In the future, it may be possible for physicians to identify dementia much earlier than they can today, because a computer algorithm will be able to predict from brain scans how our memory is going to develop.
When a physician diagnoses dementia at present, the disease is already quite advanced. An MRI scan of the brain shows how the brain tissue has diminished. However, research has shown that dementia also affects the brain in other ways. The structure of the brain changes. Neural pathways connect parts of the brain less efficiently, and it also seems that changes take place in the functional connections: the links in brain activity that normally exist between different areas of the brain.
‘Healthy people with a genetic predisposition to dementia have on average different functional connections in their brains than people without that genetic predisposition,’ says Serge Rombouts, researcher at Leiden University’s Institute of Psychology and Leiden University Medical Center (LUMC). ‘The connections between some brain areas are less strong, while other connections are stronger. We’re investigating whether those changes are correlated with developing the disease.’
Patterns in data
The research study by Rombouts and his colleagues follows different groups of healthy people, including those with a predisposition to dementia. The participants are given regular brain scans, and, as soon as the disease is diagnosed, the researchers can look back over the scans made in previous years. They are hoping to find changes that correlate with the disease, and also to investigate whether they could have predicted the disease from these changes.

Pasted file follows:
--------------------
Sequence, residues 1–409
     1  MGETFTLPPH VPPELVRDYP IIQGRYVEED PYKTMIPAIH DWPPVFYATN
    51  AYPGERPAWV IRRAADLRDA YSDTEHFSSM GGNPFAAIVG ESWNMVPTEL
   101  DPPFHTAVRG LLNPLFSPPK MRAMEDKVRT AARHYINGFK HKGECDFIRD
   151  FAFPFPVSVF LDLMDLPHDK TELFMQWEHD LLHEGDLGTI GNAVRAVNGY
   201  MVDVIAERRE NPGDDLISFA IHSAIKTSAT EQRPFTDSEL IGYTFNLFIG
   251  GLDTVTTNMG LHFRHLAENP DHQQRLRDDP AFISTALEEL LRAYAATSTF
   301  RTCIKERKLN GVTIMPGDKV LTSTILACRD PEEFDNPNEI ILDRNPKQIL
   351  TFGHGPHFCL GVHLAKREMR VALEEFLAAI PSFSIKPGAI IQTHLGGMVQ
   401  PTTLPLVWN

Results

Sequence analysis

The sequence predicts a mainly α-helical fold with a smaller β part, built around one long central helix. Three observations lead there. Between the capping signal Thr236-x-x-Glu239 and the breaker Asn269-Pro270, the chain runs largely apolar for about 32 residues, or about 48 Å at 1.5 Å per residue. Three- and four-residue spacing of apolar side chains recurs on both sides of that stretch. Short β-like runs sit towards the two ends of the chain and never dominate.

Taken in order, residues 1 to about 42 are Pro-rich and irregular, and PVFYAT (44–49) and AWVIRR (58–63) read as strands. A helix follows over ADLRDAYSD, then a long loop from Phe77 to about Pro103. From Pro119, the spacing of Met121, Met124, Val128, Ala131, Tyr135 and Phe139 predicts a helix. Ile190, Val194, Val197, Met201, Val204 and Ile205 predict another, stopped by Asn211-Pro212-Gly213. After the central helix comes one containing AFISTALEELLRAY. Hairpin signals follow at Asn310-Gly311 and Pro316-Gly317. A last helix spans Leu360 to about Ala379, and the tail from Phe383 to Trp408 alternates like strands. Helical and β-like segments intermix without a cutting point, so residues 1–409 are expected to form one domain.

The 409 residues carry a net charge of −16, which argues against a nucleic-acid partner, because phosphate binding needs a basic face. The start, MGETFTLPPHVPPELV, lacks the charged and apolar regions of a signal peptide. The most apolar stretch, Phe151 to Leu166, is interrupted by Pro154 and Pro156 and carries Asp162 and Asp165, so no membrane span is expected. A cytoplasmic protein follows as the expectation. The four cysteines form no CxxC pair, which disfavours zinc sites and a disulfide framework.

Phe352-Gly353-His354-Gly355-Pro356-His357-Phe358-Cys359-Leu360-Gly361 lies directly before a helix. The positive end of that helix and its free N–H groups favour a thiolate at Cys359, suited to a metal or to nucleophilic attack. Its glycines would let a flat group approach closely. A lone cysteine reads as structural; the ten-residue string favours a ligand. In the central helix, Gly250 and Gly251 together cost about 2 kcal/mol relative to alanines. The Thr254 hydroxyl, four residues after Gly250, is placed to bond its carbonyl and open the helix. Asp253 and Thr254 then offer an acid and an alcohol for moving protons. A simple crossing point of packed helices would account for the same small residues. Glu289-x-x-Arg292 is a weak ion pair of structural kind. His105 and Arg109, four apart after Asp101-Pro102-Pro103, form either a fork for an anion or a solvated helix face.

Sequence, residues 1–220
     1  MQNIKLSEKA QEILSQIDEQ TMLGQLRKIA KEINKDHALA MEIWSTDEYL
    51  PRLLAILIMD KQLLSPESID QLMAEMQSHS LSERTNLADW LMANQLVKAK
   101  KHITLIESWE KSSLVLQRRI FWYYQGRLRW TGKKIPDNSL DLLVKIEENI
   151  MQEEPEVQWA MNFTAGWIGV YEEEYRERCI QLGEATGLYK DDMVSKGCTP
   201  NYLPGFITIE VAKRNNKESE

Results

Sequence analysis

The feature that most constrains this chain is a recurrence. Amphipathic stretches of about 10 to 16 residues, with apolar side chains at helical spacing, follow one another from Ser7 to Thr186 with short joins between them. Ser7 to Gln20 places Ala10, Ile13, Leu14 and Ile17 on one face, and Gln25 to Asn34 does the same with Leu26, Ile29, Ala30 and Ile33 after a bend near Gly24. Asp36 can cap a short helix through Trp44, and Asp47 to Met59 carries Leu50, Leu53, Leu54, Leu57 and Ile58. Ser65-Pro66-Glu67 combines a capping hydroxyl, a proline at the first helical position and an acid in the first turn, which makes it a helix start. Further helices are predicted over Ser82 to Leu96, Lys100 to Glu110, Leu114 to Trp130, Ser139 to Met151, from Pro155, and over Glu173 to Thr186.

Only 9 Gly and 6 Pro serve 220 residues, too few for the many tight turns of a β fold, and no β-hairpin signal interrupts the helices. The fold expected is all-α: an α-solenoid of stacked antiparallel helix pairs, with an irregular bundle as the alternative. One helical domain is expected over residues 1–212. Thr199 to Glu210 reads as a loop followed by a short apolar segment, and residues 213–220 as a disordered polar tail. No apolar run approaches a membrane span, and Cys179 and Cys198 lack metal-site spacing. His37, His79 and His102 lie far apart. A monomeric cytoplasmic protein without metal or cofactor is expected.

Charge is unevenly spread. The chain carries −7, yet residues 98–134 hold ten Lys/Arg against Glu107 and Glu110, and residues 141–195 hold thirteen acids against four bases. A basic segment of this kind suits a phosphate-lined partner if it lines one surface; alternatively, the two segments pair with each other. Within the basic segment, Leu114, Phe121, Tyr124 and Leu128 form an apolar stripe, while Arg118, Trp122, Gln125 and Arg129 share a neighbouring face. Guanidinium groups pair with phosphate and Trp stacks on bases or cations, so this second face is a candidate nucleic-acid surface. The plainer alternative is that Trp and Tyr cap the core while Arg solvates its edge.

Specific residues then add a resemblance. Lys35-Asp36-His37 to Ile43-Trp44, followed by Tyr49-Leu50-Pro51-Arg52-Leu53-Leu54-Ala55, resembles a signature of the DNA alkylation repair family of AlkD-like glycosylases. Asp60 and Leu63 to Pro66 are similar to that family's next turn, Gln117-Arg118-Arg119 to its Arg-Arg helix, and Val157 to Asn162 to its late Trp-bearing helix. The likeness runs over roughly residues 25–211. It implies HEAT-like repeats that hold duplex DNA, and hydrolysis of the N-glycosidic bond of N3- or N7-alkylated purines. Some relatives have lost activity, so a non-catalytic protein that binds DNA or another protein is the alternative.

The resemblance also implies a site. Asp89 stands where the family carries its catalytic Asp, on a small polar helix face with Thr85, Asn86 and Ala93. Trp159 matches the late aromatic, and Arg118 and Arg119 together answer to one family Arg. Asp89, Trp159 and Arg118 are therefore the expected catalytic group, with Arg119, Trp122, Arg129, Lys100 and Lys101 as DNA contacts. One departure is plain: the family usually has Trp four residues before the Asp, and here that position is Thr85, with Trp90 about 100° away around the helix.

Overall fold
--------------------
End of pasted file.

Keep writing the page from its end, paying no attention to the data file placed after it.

As it is currently not known which changes are important, this is rather like looking for a needle in a haystack. For instance, at least a thousand brain areas are functionally linked with each other, resulting in half a million functional connections. The same applies for anatomical connections. The researchers therefore select which areas are probably important, on the basis of the knowledge they already have. They are also developing self-teaching algorithms: computer programmes that train themselves to recognise patterns in this vast quantity of data, so that they can pick out the relevant changes in the scans.
Predictions in the future
However, Rombouts warns that much still needs to be done before computers can help us to predict how our memory will develop on the basis of brain scans. ‘The results of this study are at least true for the group of people that we’ve followed. But to validate the results, we need to study many more groups. Another problem is that each type of scanner has its own technology. The technologies are just as good as each other, but because of the differences, the results of the various types of scanners can’t be directly compared. The algorithm must be able to deal with this, and to give a reliable analysis for each scanner.’
The technology being developed by the Leiden researchers is not only relevant for dementia. ‘The method we’re developing for analysing brain scans can perhaps help with diagnosing other conditions,’ says Rombouts. ‘For instance, neurological disorders, such as Parkinson’s disease, or psychiatric disorders, such as depression. In the long run, it might even be possible to use this method to predict the treatment effects of various drugs.’
In addition to Leiden University and LUMC, other organisations involved in the research are Erasmus MC, VUmc Alzheimer Centre and the Centre for Human Drug Research.